John Mellencamp’s “Jack & Diane” heading to Broadway


Hoosier rocker John Mellencamp is an accomplished musician. With a string of hits throughout the 1980s, including “Jack & Diane” (which went to No. 1), Mellencamp has carved a reputation for himself as a sort of rock ‘n’ roll chronicler of the lives of salt of the earth people.

As a result, it makes sense that Mellencamp’s song about a pair of teenaged lovers pondering their existence and resisting the future should be made into a musical.

A few months ago, in December 2018, Mellencamp spoke with Harry Smith on CBS This Morning to describe his plans for the musical and to declare his relationship status with actress Meg Ryan (engaged).

According to the interview, Mellencamp intends for the musical to have a literary quality. He refers to “Steinbeck” as the standard for the work. Mellencamp also does not want “Jack & Diane” to be seen as a “jukebox musical.” Instead, it seems as if the musical is supposed to dramatize the social and political problems of today, despite the song having been released in 1982.

John Mellencamp and the song and story of “Jack & Diane”

The story of “Jack & Diane” has multiple facets. As a song, there are the rock elements of the big drum sound, the catchy, but laidback lyrics. The song’s story is obvious. The two kids “doin’ best as they can” seems to summarize the lives of numerous “kids” from places that might not have an overt glamour to them, but the human spirit prevails there, too. And that spirit, is what attracts listeners to “Jack & Diane.” Audiences can cheer for the pair as they sit in their (probably Midwestern) environs and make out and consider how close 16 is to adulthood and how to make the best of right now.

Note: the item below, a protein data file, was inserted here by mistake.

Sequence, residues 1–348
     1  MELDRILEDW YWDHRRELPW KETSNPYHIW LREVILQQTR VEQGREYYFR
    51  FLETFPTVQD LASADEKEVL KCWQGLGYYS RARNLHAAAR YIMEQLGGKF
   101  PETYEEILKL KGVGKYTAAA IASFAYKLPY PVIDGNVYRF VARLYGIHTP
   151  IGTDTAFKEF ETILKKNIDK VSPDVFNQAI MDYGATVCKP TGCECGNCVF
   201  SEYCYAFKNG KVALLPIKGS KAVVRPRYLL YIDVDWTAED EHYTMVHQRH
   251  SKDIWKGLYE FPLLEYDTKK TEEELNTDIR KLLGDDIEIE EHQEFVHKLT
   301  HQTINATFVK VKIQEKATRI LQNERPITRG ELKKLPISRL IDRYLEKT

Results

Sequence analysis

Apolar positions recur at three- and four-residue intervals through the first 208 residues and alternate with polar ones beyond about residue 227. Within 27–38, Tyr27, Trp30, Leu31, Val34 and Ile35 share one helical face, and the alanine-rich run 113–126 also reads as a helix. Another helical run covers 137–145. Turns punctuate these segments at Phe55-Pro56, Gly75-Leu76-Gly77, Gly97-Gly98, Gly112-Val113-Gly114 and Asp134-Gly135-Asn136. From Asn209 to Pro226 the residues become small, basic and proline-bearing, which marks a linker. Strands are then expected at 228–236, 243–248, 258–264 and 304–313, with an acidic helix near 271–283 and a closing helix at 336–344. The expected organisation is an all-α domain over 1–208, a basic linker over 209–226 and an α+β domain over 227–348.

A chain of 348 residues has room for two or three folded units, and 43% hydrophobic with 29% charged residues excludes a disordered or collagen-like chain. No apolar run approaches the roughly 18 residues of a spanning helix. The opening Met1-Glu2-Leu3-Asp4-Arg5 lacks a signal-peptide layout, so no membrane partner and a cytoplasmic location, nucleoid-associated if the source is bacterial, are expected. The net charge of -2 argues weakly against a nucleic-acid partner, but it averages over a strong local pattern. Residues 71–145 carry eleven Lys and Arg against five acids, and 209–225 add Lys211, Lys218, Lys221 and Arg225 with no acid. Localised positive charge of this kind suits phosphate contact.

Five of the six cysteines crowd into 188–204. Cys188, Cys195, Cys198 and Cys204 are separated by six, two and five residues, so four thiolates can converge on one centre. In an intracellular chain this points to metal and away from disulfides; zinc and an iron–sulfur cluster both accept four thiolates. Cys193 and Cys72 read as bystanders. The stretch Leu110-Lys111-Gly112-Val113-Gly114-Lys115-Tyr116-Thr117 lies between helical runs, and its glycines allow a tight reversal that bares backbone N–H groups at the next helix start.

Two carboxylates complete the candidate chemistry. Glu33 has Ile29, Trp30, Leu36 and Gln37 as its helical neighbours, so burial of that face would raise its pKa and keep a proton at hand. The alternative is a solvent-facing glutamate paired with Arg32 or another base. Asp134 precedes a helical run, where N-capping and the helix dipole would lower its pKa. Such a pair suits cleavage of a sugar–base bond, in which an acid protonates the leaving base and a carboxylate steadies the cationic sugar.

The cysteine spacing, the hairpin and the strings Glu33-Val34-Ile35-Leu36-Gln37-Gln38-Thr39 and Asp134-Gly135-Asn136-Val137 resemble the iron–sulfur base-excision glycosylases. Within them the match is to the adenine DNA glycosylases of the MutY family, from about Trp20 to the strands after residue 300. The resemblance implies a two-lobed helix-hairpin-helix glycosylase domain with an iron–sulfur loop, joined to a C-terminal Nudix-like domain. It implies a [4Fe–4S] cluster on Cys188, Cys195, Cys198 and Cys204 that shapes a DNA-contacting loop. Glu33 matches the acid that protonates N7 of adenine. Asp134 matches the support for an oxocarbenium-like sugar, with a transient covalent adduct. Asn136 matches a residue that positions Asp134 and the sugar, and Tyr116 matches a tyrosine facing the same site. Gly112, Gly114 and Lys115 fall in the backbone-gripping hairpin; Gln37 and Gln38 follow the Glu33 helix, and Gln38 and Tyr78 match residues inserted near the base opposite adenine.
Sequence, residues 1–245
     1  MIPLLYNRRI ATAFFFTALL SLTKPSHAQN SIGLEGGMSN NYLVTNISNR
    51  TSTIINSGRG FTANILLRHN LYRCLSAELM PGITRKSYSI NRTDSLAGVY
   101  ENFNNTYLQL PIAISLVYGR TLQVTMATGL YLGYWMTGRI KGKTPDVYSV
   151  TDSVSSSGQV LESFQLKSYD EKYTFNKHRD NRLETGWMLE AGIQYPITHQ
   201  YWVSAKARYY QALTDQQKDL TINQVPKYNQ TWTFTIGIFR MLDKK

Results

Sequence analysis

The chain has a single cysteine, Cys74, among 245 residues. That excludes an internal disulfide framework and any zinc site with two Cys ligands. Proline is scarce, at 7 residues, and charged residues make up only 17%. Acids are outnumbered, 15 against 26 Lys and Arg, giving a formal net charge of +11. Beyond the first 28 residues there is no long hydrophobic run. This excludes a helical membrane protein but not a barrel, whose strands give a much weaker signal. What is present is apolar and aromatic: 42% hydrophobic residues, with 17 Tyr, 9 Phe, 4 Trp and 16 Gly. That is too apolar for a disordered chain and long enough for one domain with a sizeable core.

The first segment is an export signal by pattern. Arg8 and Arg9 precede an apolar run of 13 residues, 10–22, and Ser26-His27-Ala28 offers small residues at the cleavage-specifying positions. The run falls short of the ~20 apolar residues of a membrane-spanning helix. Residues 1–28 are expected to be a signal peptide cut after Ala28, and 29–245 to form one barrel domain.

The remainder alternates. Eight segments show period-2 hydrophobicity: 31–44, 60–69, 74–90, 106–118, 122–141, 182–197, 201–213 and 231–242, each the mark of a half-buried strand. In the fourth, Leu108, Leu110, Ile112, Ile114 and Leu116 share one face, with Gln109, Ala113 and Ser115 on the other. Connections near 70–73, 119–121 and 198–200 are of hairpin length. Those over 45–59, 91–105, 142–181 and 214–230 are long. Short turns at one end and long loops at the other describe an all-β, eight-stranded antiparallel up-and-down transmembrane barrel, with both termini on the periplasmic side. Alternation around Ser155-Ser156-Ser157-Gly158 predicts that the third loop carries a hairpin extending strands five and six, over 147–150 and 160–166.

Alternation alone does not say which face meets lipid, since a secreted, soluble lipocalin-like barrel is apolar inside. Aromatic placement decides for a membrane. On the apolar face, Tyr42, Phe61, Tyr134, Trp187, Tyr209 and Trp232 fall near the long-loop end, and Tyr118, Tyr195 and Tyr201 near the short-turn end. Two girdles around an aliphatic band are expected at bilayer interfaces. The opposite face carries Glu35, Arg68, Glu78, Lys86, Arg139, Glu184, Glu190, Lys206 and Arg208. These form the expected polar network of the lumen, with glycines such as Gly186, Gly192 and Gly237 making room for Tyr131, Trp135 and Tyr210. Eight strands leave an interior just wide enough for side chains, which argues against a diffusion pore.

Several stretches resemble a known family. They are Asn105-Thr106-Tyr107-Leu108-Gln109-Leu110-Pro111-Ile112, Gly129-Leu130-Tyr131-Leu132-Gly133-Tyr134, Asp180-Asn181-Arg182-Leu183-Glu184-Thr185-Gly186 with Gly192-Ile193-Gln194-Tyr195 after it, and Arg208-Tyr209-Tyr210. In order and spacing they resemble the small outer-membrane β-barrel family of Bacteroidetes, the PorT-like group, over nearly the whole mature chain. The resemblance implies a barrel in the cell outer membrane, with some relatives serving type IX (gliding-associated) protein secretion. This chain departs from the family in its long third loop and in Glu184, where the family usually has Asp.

Mellencamp’s relatively raspy and deep voice helps to bring the anthemic song to life. Of course, “Jack & Diane” is not Mellencamp’s first hit. It is also not the only song in which the singer depicts regular people fighting against their existence and larger forces that impact them. Songs such as “The Real Life,” “Rain on the Scarecrow,” “Little Pink Houses” and others bear the Mellencamp stamp of everyday people and plain language.

Mellencamp’s work is marked by acoustic guitar chords and old school rock drumming that make the songs danceable. The songs then appeal to listeners on the virtues of their sound and their lyrics.

There is no word yet as to where “Jack & Diane” will play. It would be nice if the musical would do a run of theaters in towns and cities far from Broadway, in addition to Broadway.

Mellencamp released the album “Other People’s Stuff” in late 2018. The recording was his 24th.

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Dodie Miller-Gould is a native of Fort Wayne, Indiana who lives in New York City where she studies creative nonfiction at Columbia University. She has BA and MA degrees in English from Indiana University-Purdue University, Fort Wayne, and an MFA in Fiction from Minnesota State University, Mankato. Her research interests include popular music and culture, 1920s jazz, and blues, confessional poetry, and the rhetoric of fiction. She has presented at numerous conferences in rhetoric and composition, and creative writing. Her creative works have appeared in Tenth Muse, Apostrophe, The Flying Island, Scavenger's Newsletter and elsewhere. She has won university-based awards for creative work and literary criticism.

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